MONROE - Monroe County commissioners last night became the first county board in the state to enact a “living wage” resolution, racing to do so before the state legislature passes a bill that would make such local actions moot.
The resolution requires that any contractor who does more than $10,000 in business with the county during any calendar year must pay its employees a minimum of $8.70 an hour, or at least $10.20 an hour if the employer doesn't provide health insurance.
The measure passed on a 5-4 vote, with Democrat Gail Hauser-Hurley joining Republican colleagues Dale Zorn, V. Lehr Roe, and David Scott in voting no.
“If we contribute to continuing low wages and poverty, we're going to pay one way or another,” said Jerry Hesson, a longtime labor activist who works as a community liaison for the Monroe County AFL-CIO. “You have a chance to insure that the citizens who work for their community ... are not paid poverty wages.”
Michelle Nisley, of the Monroe County Chamber of Commerce, said members of the local business group “cannot afford to offend” their customers or employees by openly arguing against the living wage resolution. Instead, she said, they would make their feelings known at the ballot box and the unemployment office.
“There are a lot of Monroe County businesses that will close because of increased costs” brought about by the resolution, Ms. Nisley said.
Local living wage legislation has sprung up across the country since passage of the first such ordinance in Baltimore in 1994. Since then, more than 50 cities and counties across the country, including Toledo, have passed legislation aimed at keeping workers and their families out of poverty.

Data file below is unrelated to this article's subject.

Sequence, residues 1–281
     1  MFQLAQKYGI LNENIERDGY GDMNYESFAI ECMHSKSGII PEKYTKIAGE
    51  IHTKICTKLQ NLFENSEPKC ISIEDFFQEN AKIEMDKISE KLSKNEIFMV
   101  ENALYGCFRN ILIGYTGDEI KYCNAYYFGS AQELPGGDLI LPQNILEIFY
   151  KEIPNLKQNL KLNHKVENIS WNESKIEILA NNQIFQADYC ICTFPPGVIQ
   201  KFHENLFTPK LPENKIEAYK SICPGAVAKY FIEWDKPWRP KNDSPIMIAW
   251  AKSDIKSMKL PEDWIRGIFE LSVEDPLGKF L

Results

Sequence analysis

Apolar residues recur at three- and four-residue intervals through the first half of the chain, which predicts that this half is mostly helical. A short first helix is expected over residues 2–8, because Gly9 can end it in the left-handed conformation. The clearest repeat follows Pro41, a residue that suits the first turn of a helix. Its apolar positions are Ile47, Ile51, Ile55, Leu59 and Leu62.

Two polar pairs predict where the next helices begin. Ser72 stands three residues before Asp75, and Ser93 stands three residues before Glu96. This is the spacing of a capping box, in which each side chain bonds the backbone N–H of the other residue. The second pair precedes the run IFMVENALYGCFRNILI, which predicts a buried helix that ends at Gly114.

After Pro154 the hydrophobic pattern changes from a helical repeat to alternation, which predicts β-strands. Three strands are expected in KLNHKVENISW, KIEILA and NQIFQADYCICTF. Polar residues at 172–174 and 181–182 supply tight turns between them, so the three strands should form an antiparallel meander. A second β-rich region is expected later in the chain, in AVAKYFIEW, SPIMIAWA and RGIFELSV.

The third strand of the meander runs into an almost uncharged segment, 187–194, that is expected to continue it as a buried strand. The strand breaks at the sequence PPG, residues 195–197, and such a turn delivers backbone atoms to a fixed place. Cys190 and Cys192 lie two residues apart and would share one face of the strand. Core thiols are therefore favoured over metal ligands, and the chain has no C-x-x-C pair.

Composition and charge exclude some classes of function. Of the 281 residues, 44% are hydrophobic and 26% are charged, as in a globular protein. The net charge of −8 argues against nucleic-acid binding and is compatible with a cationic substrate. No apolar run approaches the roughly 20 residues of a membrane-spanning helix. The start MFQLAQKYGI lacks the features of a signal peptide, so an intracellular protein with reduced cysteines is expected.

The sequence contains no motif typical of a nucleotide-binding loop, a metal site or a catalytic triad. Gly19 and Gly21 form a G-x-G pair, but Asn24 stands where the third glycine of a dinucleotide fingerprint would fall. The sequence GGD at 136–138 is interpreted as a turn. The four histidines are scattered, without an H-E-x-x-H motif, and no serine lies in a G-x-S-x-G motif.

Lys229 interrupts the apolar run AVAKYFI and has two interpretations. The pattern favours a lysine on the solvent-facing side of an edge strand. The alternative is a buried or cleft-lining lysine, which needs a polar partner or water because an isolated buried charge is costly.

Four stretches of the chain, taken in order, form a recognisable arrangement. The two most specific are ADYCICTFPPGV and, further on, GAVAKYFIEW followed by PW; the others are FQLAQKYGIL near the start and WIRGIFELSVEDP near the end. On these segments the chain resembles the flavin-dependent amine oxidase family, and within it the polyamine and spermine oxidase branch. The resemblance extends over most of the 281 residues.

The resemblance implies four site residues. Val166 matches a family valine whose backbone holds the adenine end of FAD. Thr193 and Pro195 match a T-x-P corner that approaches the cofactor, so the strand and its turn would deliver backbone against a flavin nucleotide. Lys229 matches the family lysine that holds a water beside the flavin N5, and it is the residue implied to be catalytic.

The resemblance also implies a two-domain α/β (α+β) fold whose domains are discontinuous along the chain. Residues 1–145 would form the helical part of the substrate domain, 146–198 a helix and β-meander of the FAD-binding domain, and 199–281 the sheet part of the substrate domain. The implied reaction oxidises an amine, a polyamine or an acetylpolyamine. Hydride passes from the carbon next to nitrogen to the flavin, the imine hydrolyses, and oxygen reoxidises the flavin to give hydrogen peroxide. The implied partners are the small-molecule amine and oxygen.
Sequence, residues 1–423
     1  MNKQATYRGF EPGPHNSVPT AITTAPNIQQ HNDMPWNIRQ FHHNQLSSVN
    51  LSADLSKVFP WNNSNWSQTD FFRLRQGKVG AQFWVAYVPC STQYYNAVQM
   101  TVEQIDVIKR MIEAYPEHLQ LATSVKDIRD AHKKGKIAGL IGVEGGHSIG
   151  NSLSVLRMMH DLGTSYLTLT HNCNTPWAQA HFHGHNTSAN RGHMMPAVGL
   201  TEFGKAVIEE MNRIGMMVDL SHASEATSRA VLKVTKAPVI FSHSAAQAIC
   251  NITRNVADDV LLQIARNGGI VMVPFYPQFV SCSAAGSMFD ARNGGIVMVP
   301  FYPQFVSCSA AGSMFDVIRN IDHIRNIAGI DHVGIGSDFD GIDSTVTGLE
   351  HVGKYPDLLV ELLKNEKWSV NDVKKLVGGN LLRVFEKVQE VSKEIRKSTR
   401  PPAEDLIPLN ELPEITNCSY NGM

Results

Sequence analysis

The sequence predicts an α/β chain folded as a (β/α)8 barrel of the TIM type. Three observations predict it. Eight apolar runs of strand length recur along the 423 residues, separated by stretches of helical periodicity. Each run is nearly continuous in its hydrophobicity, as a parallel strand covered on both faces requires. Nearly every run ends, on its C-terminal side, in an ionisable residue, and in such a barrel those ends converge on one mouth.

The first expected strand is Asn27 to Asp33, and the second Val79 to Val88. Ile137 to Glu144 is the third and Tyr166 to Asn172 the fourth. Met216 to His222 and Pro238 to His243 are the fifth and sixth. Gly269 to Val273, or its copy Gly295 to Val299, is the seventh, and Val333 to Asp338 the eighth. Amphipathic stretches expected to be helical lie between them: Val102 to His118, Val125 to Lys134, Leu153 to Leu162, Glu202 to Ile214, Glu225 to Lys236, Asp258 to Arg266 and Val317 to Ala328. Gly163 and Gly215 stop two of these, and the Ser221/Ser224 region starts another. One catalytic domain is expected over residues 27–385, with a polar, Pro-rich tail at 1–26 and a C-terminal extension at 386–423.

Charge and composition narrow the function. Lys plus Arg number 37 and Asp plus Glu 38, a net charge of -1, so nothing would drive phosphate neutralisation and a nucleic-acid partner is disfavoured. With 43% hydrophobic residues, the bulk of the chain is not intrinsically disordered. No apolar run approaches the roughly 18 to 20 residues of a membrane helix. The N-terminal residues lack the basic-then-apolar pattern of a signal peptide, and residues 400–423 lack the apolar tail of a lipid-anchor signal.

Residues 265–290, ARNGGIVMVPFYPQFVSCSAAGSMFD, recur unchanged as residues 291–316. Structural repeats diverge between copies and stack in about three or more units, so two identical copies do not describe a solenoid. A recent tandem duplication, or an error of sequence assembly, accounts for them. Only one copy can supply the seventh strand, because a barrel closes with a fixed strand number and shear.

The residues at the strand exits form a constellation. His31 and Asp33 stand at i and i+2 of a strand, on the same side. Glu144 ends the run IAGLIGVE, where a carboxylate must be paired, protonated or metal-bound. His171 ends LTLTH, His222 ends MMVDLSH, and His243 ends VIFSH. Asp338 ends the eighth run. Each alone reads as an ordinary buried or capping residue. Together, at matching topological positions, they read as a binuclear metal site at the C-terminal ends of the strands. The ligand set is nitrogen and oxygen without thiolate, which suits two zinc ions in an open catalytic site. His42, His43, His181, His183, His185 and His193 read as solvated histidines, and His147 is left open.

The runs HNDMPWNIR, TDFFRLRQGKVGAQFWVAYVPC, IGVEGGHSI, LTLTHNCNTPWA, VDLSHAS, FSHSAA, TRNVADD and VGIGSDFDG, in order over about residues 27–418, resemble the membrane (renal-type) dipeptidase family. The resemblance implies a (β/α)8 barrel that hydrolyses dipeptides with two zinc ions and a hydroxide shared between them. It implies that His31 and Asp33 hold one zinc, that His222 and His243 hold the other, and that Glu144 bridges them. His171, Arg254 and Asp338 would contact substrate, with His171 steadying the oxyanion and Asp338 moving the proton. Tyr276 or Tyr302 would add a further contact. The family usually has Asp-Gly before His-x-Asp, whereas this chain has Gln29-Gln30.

A living wage ballot issue passed overwhelmingly in Detroit in 1998 and, according to a recent study of its impact, an estimated 2,300 people benefited directly through higher wages or better health benefits out of more than $365 million in contracts.
While county commissioners gave no agenda notice of any intent to vote on the legislation last night, Mr. Mell, the commission's chairman, said the vote was advanced in order to get the measure on the books before a state bill was passed that would nullify such legislation. A living wage ordinance is under consideration in neighboring Washtenaw County.
But local business leaders told commissioners the county's resolution was not the way to help a slumping economy.
“The last thing we need in difficult economic times is local government telling us how much we need to pay our employees,” argued Jim Crawford, a member of the Monroe County Chamber of Commerce and co-owner of a local insurance business. “The timing on this is not good.
“This is going to cost a lot of money, and it's going to cost the taxpayers of the county a lot of money.”
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